97. The round mixed vowels are not frequent in lan- 
guage, being mostly vague and indistinct in their acoustic 
character ; their rounding is inner ; outer rounding only 
muffles them : 

h.-m.-n.-r. [ii] : W.E. two h.-m.-w.-r. [] 
m.-m.-n.-r. [6] m.-m.-w.-r. [o] : Dutch beter 

l.-m.-n.-r. [o] l.-m.-w-.r. [3] : N.Ir., Swed. 


98. Shifted vowels. We have already seen that all 
back vowels do not have exactly the same degree of tongue- 
retraction : we distinguish between inner and outer back. 
If we start with the fully retracted [WH] of German mutter, 


und, and shift the tongue progressively forward in the 
mouth, without otherwise altering its position relative to 
the palate, we at last move it right out into the middle of 
the mouth, into the position of a mixed vowel. This is 
called the ' out ' position, and is denoted by the addition of 
the ' out-shifter ': [uo]. This is the vowel in the second 
unstressed syllable of veelju value, although many have 
only [M-] for weak u. Narrow long [ua] is the N.Ir. 
vowel in you. 

99. An out-back vowel is, therefore, one which, while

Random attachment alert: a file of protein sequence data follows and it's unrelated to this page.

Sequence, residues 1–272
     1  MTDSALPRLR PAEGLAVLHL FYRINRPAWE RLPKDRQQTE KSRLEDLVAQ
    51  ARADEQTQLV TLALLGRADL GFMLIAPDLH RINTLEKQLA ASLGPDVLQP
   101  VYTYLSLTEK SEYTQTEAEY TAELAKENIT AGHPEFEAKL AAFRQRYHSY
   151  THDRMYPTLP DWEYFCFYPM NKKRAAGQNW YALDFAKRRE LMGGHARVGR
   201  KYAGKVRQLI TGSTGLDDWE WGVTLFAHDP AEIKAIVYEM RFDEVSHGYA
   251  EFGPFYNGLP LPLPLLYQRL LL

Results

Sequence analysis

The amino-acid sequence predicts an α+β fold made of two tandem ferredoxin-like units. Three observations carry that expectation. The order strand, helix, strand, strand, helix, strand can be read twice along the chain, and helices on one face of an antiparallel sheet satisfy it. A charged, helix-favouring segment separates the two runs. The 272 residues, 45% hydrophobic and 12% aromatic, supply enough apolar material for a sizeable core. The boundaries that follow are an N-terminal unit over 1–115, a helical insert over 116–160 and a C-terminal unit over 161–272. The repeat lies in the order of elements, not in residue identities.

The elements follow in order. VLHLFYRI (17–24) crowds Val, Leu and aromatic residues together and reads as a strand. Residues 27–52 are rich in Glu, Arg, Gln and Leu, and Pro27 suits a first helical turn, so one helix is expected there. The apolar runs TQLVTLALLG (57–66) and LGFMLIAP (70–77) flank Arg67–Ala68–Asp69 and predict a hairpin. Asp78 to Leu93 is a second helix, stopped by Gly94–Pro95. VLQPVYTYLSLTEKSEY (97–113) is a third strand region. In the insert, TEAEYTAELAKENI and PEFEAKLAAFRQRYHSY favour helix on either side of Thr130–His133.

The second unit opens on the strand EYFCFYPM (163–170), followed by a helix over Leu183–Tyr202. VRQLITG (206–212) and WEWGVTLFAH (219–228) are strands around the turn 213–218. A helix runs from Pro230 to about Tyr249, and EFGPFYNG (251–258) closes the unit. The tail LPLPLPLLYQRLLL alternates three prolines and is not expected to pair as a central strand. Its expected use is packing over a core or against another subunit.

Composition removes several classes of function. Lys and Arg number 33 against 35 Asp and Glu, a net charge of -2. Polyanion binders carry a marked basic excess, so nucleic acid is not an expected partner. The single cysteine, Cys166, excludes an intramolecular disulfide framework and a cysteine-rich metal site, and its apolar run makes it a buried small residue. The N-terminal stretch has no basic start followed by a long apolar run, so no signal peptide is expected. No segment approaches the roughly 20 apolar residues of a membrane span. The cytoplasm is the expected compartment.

retaining the slope of a back vowel, has the place of a mixed 
vowel. The round out-back vowels have nothing of the 
acoustic quality of the mixed vowels ; and yet are quite 
distinct from the fully retracted back vowels : they are 
intermediate in sound between them and the corresponding 
front-round vowel ; thus [us] has a sound between that of 
[u] and [y]. 

100. [o] and [o] are also shifted to the out-position in 
unstressed syllables in English, as in the last syllable of 
solo [o303>], and the first of October [33]. 

101. By unrounding the former of these we obtain the 
mid-out-back-wide [GP], which is the first element of E. ai, 
and is a frequent substitute for [a] in come up. This vowel 
hus something of the acoustic effect of a mixed vowel. 

102. By unrounding [33] we obtain the low-out-back- 
wide, which is the thin French a in la patte, and a frequent 
substitute for se in many E. dialects. It has a clearer